What was Ansbacher?

Des Traynor (left), an accountant and financial adviser to late former taoiseach Charles Haughey (right),  was a director and de facto chief executive of Guinness & Mahon Bank from 1969 to 1986.

Des Traynor (left), an accountant and financial adviser to late former taoiseach Charles Haughey (right), was a director and de facto chief executive of Guinness & Mahon Bank from 1969 to 1986.

 

These were funds lodged here by the Cayman Islands bank, Ansbacher Cayman Ltd. They were at the core of an unauthorised financial service run in secret by the late Des Traynor.

Wealthy clients opened offshore trusts and lodged money through him. They also made withdrawals and took out loans, which were secretly backed by their offshore deposits, through Mr Traynor.

Mr Traynor, an accountant and former taoiseach Charles Haughey’s financial adviser, was a director and de facto chief executive of Guinness & Mahon Bank from 1969 to 1986. His system allowed account-holders to lodge money with the bank in College Green, which was then held offshore. The money would be accessed through Mr Traynor in Dublin.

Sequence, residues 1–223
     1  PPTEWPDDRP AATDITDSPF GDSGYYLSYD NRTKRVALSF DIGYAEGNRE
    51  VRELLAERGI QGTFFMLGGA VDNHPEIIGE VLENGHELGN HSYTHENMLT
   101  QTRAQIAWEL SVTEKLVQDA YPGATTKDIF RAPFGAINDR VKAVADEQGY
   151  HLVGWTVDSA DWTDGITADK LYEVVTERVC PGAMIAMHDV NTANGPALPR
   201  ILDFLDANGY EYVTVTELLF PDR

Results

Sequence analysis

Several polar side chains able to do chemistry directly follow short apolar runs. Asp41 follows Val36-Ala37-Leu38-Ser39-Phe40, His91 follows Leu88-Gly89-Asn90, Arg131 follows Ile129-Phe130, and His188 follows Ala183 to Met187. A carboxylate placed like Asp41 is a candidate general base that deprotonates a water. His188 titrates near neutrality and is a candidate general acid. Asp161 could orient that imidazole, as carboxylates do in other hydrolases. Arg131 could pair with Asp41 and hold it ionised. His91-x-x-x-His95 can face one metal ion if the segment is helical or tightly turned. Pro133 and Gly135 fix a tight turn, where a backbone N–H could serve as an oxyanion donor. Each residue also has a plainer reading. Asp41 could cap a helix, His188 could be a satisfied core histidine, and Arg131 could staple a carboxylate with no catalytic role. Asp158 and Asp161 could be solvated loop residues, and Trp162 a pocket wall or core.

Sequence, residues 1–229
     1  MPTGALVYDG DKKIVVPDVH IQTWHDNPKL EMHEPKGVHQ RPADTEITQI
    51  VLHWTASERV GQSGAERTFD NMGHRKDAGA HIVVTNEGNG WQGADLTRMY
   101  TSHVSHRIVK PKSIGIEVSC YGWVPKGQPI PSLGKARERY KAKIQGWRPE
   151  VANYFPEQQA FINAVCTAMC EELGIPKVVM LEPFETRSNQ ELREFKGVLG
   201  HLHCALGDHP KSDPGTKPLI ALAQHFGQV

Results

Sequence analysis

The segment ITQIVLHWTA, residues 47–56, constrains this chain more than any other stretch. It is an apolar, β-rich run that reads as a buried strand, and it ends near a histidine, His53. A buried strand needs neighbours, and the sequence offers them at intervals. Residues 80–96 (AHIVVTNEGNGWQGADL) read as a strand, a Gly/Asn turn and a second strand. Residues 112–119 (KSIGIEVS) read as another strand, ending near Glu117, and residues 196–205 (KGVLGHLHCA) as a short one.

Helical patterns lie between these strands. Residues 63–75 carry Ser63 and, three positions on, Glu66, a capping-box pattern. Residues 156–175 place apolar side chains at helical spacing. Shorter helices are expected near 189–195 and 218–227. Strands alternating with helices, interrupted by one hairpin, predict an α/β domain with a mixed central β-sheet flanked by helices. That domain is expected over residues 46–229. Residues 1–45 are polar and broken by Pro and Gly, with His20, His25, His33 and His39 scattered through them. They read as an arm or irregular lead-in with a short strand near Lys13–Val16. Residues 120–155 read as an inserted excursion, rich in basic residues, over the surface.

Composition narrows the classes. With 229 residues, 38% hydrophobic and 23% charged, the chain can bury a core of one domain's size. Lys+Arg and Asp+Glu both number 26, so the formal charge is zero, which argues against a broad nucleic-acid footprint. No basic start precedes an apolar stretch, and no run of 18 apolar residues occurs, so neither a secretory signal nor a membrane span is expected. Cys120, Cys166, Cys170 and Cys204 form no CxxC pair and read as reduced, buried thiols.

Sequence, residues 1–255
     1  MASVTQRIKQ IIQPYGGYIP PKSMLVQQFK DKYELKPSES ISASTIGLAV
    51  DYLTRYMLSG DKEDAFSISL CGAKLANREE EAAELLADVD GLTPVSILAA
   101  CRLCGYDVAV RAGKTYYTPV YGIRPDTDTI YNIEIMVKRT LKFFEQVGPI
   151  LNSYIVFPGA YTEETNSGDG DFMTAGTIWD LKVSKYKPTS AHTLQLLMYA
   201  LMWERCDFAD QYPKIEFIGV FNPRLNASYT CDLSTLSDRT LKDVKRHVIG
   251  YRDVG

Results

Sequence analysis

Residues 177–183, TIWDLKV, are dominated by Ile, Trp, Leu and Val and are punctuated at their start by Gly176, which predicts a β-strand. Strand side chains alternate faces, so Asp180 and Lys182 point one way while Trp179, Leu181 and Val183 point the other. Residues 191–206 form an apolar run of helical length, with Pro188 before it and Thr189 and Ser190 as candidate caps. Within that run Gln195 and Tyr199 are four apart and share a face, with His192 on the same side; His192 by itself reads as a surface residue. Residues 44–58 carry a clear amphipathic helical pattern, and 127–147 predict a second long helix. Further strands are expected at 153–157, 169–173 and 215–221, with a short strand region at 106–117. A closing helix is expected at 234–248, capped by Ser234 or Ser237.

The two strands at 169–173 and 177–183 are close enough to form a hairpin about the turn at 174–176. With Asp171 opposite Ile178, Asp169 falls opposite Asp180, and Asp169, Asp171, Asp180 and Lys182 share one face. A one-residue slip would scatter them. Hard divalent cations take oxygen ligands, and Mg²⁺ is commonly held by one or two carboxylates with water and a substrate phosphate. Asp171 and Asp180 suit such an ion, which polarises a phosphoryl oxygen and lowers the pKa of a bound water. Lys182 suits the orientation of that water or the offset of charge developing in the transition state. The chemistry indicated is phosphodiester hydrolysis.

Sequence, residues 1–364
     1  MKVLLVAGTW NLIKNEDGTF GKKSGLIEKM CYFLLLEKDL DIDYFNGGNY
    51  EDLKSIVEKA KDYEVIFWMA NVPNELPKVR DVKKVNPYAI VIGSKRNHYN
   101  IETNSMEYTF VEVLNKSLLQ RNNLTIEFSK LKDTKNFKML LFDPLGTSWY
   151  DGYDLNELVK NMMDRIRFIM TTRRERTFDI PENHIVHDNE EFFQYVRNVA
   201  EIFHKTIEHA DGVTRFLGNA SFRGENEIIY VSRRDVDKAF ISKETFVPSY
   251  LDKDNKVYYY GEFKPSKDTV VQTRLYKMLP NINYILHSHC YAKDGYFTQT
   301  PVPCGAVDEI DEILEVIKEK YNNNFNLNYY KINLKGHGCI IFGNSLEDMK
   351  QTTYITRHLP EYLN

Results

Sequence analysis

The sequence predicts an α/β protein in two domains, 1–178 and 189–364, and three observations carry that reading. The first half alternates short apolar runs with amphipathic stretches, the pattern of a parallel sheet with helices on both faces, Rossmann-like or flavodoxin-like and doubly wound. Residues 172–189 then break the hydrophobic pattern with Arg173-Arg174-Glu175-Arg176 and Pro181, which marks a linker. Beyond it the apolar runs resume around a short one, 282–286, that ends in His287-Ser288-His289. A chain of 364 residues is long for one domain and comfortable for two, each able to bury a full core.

Ansbacher was first disclosed during the McCracken tribunal in 1997, which investigated payments by Ben Dunne/Dunne Stores to Mr Haughey and the former minister for communications Michael Lowry. The Ansbacher accounts ran from 1971 and the Irish operation was finally wound up in the mid-1990s.

In 2002, a report identified 200 holders of Ansbacher accounts, including Mr Haughey and eight members of the CRH board. Revenue investigations into the accounts have yielded over €112 million in unpaid taxes and penalties.